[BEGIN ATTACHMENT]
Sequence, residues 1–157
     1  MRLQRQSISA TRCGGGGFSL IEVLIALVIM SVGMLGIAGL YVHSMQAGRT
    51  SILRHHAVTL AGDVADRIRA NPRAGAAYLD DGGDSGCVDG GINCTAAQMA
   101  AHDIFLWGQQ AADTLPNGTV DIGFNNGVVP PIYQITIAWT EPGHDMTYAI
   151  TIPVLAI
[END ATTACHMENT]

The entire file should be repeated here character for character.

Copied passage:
Sequence, residues 1–157
     1  MRLQRQSISA TRCGGGGFSL IEVLIALVIM SVGMLGIAGL YVHSMQAGRT
    51  SILRHHAVTL AGDVADRIRA NPRAGAAYLD DGGDSGCVDG GINCTAAQMA
   101  AHDIFLWGQQ AADTLPNGTV DIGFNNGVVP PIYQITIAWT EPGHDMTYAI
   151  TIPVLAI